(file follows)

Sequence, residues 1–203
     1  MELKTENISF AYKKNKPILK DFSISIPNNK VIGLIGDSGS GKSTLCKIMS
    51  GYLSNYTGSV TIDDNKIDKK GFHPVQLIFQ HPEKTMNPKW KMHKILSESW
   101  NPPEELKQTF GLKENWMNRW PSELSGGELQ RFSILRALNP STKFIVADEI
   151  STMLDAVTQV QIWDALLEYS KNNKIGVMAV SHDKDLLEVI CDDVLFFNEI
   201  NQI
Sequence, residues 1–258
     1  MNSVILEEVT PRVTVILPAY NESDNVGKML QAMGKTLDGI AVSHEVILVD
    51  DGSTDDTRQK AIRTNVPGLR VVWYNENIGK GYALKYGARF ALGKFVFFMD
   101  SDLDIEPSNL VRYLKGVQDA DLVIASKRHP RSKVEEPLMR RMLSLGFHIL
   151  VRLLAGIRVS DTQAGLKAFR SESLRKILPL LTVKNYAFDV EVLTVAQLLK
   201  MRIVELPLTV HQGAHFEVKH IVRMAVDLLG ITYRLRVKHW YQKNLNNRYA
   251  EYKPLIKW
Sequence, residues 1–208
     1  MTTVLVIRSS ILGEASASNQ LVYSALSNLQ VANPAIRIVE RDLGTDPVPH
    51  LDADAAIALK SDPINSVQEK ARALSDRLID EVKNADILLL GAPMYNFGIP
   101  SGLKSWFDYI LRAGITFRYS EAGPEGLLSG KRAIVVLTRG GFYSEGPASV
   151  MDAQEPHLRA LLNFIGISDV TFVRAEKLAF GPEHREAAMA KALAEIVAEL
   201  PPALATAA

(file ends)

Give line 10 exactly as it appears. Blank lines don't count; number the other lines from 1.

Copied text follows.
   101  SDLDIEPSNL VRYLKGVQDA DLVIASKRHP RSKVEEPLMR RMLSLGFHIL